Safety classification creation and database design
Prior to this project, safety event descriptions, comments, or recommendations at DUHS were entered by both reporters and reviewers as free text within SRS. Codified data were minimal, with reports consisting of simple codified checklists allowing reporters to select various details (e.g., type of transfusion event), contributing factors (e.g., staff or environmental factors), injuries, and interventions that occurred. The few codified data points did not have agreed-upon definitions and therefore were subject to inconsistent usage. Codified data were used to form basic aggregate reports; however, reviewers in multiple departments maintained manually collected data outside of SRS to categorize data according to their own definitions and to respond to regulatory and accrediting agencies. Clinical laboratory reports were isolated within a generic “treatment and testing” pathway, which also included physical and respiratory therapy events. As a result, many clinical laboratory events were frequently reported through the “miscellaneous” event category, as reporters could not easily locate the correct placement. Consequently, SRS reviewers often had inadequate information and turned to patient chart review or staff discussion. Given these inefficiencies, experts requested a patient safety classification to assist quality improvement initiatives.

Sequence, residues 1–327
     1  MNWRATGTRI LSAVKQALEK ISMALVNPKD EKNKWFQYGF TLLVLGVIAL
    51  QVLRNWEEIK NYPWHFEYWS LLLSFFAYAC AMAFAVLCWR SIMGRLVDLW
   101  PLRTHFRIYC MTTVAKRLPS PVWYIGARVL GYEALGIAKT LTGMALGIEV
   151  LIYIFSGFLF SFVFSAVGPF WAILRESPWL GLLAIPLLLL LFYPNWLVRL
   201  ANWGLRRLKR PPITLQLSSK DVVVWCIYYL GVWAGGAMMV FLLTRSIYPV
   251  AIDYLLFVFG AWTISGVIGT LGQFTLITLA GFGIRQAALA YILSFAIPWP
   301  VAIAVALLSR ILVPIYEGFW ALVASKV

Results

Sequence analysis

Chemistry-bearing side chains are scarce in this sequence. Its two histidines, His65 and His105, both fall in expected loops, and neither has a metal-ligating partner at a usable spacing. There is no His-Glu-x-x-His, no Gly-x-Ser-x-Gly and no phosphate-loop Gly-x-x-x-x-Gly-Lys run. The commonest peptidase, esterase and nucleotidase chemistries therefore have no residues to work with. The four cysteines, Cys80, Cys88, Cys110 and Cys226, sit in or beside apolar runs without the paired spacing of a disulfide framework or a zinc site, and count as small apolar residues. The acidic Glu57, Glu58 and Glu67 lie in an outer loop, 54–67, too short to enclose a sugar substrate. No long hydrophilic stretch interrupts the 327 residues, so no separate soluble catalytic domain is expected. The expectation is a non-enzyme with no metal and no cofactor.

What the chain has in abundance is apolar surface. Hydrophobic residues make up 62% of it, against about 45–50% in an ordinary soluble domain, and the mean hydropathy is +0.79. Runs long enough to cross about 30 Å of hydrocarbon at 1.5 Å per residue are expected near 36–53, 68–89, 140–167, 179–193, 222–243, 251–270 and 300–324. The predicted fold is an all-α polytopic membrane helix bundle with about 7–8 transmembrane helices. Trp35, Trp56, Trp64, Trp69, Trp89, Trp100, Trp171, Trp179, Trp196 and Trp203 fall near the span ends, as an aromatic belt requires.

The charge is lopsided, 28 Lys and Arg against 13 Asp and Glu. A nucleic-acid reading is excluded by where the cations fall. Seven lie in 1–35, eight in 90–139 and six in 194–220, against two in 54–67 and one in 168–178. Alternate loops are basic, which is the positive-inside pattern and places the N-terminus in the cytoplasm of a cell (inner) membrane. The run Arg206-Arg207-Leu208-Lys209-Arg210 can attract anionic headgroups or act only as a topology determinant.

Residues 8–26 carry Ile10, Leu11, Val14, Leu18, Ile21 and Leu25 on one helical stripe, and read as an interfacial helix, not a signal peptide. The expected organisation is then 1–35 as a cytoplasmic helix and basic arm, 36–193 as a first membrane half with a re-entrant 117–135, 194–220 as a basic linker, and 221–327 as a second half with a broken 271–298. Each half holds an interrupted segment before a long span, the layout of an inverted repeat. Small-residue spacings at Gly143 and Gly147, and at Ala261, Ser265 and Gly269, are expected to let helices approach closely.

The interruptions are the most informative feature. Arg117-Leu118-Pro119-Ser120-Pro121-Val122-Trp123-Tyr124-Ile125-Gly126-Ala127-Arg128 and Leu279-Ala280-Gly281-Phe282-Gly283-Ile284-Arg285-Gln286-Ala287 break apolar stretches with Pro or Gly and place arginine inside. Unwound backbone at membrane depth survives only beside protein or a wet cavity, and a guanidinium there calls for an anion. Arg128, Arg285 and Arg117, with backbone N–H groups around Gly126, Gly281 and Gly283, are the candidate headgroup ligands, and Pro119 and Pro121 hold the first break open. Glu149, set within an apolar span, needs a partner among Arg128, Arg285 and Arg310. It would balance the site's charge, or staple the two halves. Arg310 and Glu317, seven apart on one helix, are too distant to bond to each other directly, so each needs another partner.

Design of the enhanced SRS patient portal began in 2009. A total of two safety analysts who serve as administrators of SRS, two experts in transfusion and clinical laboratory safety, and three front-line staff members worked to select data elements to build a safety classification that will allow for practical application of the ICPS framework. The team reviewed existing data sets and classification schemes to select data elements that were clinically applicable within our healthcare institutions. Concepts contained in the ICPS framework classes were reviewed, as well as data elements that are important to capture for internal and external reporting to organizations such as the U.S. Food and Drug Administration (FDA), College of American Pathologists (CAP), and AABB (previously the American Association of Blood Banks) . In addition, other applicable safety event taxonomies were examined for data to incorporate, including the Medical Event Reporting System for Transfusion Medicine (MERS-TM)  and the relatively new Common Formats from the U.S. Agency for Healthcare Research and Quality (AHRQ) . Inclusion of these data elements is important for comprehensive data capture, but also necessary for potential future automated submission of data to respective programs (e.g., submission of AHRQ Common Format data elements to a Patient Safety Organization). Internal data elements not contained in any specific data set or classification were also incorporated, as these were useful data that were collected before this project. Data elements are named using internal and organizational medical terminology, much of which is translatable to staff at other healthcare organizations. Data elements were then classified in hierarchies by the same project group, according to concept definitions from the ICPS framework. We used the ICPS high-level class structure as the model for our data, placing each data element in its applicable class and subdivisions. The classification schemes are available in Additional file 1. Broadly, the following ICPS concepts represent the highest level of hierarchy used: patient characteristics, incident characteristics, contributing factors, person reporting, and actions to reduce risk. Fifteen data elements populate 11 subclasses in the clinical labs classification scheme, and 129 data elements populate 37 subclasses in the transfusion classification scheme. Each scheme has a maximal depth of four tiers. For example, the transfusion incident data element “blood product sent for incorrect patient” is classified under the ICPS class of “blood product” incident type (tier 1), with further classification as a “wrong patient problem” (tier 2) according to the class subdivisions. This element is entered by the Reporter (entry source column; Additional file 1) and depends upon the Reporter having selected “yes” in response to whether the incident occurred in direct patient care (dependency column; Additional file 1). Similarly, a transfusion data element for “transfusion reaction” would have the same entry mode and dependency but would be classified as an “adverse effect” (tier 2) within the ICPS class of “blood product” incident type (tier 1). Group consensus was reached during data selection and classification. Formal reliability testing was not performed, as our goal was to practically apply the ICPS framework to SRS through creation of the best-of-breed classification. The hierarchical class structure enables quality leaders to apply descriptions consistently, drive data aggregation and analysis through business intelligence, and facilitate predictive modeling. The data model facilitates current data aggregation practices while allowing translatability through ICPS, therefore making the model easily adaptable to other healthcare sites.